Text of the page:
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Hematoma and deep surgical site infection following primary breast augmentation: A retrospective review of 1128 patients

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Background
Breast augmentation is one of the most frequently performed cosmetic surgery worldwide. Some of the most severe short-term complications after breast augmentation are hematoma and deep surgical site infection. However, these complications are relatively rare; therefore, large patient populations are required to perform statistical analyses. In this study, we provide a detailed analysis of the complications after primary breast augmentation with an emphasis on deep surgical site infection and hematoma.

Method
We retrospectively reviewed the medical records of women who underwent primary breast augmentation without the use of pocket irrigation between 2012 and 2019 in a single private clinic. A cumulative hazard function and a multivariate analysis on the risk of hematoma were performed.

Results
We included 1128 patients in the study. Thirty patients (2.7%) developed postoperative hematoma after a median time of 14 h (IQR 5 h-9 days). Six patients (0.5%) contracted a deep surgical site infection after a median time of 14 days (range 4–41 days). Age, BMI, implant volume, or implant placement was not significantly associated with hematoma.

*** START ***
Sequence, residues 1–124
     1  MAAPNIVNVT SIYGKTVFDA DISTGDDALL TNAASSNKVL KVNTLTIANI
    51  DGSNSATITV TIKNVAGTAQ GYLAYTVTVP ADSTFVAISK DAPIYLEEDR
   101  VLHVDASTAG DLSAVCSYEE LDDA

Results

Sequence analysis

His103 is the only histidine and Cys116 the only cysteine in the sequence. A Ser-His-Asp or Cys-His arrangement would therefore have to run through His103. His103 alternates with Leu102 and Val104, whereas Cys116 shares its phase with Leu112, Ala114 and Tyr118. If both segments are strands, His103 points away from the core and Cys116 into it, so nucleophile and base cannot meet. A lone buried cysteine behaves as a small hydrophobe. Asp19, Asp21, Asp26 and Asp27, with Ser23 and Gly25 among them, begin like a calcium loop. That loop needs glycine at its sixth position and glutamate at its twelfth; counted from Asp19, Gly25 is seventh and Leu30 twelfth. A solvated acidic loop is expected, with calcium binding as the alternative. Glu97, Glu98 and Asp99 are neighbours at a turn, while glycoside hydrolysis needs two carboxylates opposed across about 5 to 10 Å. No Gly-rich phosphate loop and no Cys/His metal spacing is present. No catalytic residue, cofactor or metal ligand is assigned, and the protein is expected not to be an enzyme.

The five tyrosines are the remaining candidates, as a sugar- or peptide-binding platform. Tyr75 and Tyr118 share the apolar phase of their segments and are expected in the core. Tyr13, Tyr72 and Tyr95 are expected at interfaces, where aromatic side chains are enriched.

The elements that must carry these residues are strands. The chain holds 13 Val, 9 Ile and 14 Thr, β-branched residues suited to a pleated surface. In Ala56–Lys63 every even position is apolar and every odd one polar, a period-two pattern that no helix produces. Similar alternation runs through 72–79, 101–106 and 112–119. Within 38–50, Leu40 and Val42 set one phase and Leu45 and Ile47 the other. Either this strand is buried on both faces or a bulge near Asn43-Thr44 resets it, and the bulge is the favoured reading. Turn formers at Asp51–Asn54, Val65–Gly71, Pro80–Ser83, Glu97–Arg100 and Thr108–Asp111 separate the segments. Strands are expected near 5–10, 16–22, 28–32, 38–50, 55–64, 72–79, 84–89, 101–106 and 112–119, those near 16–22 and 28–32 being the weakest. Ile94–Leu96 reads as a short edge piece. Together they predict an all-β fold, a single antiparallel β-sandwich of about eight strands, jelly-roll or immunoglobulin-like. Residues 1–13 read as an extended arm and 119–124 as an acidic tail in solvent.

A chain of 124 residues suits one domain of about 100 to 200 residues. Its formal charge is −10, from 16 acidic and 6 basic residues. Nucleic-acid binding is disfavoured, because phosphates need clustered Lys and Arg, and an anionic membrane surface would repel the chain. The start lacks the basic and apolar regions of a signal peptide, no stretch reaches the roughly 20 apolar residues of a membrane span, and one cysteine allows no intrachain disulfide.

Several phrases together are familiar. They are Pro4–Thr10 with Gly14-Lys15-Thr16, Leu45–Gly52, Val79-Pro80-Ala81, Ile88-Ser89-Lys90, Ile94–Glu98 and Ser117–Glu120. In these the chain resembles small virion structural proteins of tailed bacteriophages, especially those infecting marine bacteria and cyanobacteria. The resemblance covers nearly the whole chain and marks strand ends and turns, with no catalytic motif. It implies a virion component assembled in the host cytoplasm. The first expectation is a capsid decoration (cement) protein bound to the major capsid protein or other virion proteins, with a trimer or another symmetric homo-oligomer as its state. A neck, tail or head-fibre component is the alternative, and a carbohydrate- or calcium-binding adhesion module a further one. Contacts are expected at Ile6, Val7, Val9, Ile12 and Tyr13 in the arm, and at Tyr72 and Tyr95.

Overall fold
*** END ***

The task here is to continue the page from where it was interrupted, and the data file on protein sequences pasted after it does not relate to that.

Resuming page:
Conclusion
Our findings support that the risk of hematoma after primary breast augmentation is highest within the first 24 h after the surgery. This time period should be considered when planning postoperative care for these patients. We did not find an increased rate of deep surgical site infection compared with studies of breast augmentations with pocket irrigation. Further studies and meta-analyses are needed to explore the effect of pocket irrigation and other risk factors.
Original languageEnglish
JournalJournal of Plastic, Reconstructive and Aesthetic Surgery
Volume75
Issue number3
Pages (from-to)1197-1203
Number of pages7
ISSN1748-6815
DOIs
Publication statusPublished - Mar 2022

    Research areas

  • Breast augmentation, Complications, Deep infection, Hematoma, Risk factors

ID: 73777300